Robert Ford Garrison was born on August 29, 1915, in Greenville, South Carolina. He attended the Sans Souci Elementary School in Greenville and Parker High School, where he earned 12 letters, in baseball, basketball, football, and track.

He’d anticipated a career in railroading, but was active in semipro baseball in the area, and had batted over .400 in 1937. The Yankees gave him a tryout and signed him in the fall of 1937.

In 1938 he was assigned to the Amsterdam (New York) Rugmakers in the Class-C Canadian-American League. His next two seasons were in Class B, for the South Atlantic League’s Augusta Tigers. He picked up three points each season, batting .330 in 1939 and .333 in 1940. He was sent to Binghamton for 1941, but the Binghamton team sold his contract to Fort Worth in 1942.

In August 1942, the Boston Red Sox bought his contract for delivery after the season. He hit .279 for the Red Sox in 1943, though without a home run. When he had trained with the Red Sox in spring training at Tufts College, he let it be known that he had never seen a major-league baseball game. Well, he saw his first in April at Shibe Park. All in all, though, he got off to a rough start with the Red Sox. Through 19 games in June he was batting .148 and was sent to Louisville on option. 

There Ford rose to the occasion, hitting for a .324 average in 99 games. That earned him a call back to Boston in September. And starting in his first game back, he went on a nine-game hitting streak, with 18 hits in the nine games, doubling his average to .295. Naturally, he couldn’t stay that hot forever, but he finished the season with a respectable .279 batting average and 11 RBIs in 136 plate appearances.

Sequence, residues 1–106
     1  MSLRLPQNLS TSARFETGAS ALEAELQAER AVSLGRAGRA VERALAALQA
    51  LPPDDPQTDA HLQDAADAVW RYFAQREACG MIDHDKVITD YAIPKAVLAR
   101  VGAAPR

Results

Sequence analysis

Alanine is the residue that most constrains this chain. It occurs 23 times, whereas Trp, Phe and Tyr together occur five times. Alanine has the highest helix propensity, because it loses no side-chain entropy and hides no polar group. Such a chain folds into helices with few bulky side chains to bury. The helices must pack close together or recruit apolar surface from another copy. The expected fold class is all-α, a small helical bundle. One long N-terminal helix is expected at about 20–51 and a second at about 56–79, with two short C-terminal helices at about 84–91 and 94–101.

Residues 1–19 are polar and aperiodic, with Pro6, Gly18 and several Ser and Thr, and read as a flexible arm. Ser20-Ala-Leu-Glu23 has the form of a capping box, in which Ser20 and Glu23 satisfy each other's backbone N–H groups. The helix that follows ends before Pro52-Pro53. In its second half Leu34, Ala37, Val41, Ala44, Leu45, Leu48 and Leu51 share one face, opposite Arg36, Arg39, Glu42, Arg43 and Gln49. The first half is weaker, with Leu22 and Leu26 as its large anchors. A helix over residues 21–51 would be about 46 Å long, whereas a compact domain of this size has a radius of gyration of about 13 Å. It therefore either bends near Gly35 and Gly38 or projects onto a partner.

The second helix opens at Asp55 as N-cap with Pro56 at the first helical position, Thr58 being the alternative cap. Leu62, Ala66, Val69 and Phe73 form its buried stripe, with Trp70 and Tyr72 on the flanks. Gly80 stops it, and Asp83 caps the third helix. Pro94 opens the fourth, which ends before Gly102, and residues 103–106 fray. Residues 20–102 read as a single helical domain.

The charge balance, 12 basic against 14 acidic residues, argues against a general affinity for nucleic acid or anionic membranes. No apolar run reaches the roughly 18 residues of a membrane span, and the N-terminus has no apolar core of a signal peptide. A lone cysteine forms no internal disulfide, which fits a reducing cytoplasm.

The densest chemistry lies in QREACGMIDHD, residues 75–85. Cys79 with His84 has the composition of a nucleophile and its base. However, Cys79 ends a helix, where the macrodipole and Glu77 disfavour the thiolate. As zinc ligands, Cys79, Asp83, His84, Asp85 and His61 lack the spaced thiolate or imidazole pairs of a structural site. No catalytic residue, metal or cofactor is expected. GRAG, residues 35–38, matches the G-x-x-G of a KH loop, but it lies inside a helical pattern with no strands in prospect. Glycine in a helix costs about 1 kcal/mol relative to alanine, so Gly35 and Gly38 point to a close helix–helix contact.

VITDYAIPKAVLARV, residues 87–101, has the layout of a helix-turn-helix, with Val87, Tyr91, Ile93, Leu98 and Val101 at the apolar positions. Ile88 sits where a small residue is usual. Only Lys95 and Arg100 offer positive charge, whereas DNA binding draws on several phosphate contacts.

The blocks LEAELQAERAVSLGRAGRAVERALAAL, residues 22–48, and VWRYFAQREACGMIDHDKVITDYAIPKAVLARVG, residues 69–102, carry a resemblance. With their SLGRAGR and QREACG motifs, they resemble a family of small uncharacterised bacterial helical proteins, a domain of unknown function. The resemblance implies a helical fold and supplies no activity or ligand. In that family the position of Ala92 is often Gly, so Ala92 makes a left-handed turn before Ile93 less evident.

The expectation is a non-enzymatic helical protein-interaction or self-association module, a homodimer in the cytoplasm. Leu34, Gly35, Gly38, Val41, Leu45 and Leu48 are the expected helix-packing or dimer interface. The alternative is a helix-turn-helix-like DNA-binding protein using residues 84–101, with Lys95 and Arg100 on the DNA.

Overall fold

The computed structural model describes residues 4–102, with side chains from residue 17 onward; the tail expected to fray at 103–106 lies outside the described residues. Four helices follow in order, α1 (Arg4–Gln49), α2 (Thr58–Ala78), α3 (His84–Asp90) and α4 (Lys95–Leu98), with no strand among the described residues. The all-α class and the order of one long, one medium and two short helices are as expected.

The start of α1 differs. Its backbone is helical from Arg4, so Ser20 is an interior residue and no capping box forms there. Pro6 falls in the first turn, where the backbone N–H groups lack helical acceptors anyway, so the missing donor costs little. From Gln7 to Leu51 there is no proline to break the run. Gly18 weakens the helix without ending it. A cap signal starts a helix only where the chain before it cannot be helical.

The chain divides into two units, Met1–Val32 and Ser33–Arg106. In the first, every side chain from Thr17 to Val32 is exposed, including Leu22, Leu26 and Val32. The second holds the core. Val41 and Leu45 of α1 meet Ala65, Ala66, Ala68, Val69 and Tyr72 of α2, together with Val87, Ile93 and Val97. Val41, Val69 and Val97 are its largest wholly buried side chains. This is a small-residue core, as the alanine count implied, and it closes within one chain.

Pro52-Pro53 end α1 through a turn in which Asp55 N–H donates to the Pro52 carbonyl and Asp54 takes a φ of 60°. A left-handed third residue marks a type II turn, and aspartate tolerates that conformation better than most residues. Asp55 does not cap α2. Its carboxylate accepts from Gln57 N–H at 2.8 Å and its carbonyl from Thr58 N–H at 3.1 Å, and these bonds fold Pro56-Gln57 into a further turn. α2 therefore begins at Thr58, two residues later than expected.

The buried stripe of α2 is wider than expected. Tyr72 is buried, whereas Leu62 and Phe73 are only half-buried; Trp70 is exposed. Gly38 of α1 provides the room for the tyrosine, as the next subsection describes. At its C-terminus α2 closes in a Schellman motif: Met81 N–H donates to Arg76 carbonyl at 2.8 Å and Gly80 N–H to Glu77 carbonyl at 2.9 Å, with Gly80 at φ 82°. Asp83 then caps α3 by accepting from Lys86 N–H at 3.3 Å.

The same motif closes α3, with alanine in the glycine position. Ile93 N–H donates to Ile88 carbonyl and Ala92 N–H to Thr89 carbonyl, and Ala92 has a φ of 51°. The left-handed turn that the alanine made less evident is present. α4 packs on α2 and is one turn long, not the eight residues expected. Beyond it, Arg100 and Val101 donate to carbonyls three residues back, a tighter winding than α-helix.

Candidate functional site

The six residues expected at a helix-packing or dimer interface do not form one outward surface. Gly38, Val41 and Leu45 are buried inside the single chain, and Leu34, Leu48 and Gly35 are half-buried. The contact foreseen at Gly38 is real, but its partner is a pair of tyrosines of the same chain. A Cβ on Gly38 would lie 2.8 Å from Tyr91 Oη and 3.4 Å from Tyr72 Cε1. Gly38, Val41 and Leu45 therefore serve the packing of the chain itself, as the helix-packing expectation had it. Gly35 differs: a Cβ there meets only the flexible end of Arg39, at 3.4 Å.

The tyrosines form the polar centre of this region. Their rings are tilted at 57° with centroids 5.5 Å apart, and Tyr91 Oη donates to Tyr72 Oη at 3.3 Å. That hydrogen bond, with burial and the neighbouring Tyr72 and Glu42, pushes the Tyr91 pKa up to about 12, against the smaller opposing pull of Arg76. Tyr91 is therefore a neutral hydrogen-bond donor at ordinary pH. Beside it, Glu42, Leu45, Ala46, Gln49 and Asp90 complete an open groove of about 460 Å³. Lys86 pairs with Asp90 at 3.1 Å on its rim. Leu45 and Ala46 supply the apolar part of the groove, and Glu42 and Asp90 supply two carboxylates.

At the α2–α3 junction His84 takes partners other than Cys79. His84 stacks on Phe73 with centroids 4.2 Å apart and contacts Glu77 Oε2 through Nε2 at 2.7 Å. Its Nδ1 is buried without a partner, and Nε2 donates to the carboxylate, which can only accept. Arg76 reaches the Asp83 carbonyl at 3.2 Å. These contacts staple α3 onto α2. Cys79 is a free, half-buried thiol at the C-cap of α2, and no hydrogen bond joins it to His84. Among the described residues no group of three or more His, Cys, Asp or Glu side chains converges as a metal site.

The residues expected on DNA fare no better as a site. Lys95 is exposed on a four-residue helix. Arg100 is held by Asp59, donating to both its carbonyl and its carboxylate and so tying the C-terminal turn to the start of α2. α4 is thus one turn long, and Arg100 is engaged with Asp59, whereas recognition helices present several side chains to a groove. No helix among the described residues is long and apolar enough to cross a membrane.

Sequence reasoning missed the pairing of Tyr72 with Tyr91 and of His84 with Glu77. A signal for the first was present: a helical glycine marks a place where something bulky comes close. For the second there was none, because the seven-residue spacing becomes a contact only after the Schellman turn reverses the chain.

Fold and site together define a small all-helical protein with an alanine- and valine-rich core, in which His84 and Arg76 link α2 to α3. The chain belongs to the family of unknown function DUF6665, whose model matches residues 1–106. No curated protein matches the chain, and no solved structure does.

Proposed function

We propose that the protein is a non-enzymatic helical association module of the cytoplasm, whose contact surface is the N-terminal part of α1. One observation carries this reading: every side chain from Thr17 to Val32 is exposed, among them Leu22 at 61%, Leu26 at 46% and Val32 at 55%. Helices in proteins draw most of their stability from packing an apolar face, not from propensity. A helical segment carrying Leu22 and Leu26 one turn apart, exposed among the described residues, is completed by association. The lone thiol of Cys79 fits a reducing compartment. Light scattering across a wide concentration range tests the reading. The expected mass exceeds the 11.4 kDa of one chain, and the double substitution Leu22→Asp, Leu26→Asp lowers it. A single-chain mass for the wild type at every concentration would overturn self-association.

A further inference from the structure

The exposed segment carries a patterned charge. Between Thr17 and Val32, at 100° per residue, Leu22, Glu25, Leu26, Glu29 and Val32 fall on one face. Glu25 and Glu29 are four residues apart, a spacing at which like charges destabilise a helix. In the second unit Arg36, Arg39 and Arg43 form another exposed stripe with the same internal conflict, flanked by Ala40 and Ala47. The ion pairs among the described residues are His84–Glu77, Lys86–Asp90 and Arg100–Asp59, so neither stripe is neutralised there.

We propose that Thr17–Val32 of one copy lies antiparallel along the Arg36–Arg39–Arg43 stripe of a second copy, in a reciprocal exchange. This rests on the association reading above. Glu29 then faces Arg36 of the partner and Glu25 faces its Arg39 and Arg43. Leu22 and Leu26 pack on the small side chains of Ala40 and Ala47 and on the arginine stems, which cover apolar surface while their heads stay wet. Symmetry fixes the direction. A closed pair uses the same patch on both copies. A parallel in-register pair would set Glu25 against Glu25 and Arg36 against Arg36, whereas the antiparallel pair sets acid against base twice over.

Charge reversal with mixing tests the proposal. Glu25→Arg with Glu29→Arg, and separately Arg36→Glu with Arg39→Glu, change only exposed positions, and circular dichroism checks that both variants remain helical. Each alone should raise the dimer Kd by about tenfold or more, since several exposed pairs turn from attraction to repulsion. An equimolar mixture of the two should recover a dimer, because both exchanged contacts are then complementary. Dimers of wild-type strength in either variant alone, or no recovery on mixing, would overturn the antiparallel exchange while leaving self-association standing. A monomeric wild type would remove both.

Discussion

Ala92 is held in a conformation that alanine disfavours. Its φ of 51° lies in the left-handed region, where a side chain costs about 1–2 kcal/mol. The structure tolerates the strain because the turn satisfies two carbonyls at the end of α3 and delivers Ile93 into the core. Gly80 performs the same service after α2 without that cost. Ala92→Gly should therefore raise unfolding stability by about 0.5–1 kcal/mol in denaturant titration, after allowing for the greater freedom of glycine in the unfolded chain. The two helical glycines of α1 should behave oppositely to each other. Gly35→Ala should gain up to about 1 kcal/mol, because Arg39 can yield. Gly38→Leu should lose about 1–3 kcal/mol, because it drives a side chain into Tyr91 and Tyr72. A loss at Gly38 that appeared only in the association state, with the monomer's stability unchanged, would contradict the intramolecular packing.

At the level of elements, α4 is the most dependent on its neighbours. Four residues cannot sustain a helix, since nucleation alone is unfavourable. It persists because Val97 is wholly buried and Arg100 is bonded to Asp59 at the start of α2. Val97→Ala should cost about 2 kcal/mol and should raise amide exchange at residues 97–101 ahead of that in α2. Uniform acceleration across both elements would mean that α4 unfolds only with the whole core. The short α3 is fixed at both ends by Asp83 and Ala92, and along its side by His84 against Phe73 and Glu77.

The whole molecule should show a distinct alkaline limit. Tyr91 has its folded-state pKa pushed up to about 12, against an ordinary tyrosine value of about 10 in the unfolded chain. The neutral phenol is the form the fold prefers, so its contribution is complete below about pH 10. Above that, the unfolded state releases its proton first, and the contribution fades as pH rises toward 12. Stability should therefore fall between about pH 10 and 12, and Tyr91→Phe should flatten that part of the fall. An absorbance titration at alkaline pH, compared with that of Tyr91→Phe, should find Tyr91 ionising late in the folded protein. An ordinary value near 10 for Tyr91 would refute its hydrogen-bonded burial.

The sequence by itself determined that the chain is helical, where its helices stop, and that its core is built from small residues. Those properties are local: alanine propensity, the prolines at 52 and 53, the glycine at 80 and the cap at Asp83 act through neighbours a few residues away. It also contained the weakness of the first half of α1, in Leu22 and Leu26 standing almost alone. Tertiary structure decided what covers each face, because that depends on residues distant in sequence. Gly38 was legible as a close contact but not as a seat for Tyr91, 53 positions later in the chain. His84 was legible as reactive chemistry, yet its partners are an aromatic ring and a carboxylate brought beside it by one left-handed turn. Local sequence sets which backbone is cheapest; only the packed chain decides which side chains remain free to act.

In mid-April of 1944, just before the season began, the Red Sox plan was to move George Metkovich to first base, and have Ford play right field. Manager Joe Cronin thought his speed and power would help the ball club. He doubled three times, but those were his only extra-base hits among the even dozen he hit for the Red Sox, before his May trade to the Athletics.

For the Athletics, he got a lot of playing time. He started the 1945 season with Philadelphia, but then was taken into the U.S. Navy in April at the Bainbridge Naval Training Center. He did play some baseball for Bainbridge in the summer of 1945. With the war over for almost six months, Ford was discharged in February 1946.

He started the 1946 season with the Athletics and appeared in nine April games. In May, his contract was sold to the New York Yankees’ farm club at Newark.

His time playing in the majors was done, but he enjoyed a long career playing minor-league baseball through 1956. In his last two seasons, 1955 and 1956, he was player-manager for Harlingen and Beaumont in the Big State League.

In the off-seasons, he had worked as a carpenter in the area around Gulfport, Florida. After baseball, he went into the building maintenance business, naming his Pinellas Park, Florida, company Ford Garrison’s Building Maintenance.

Ford Garrison passed away at age 85, on June 6, 2001, in Largo, Florida.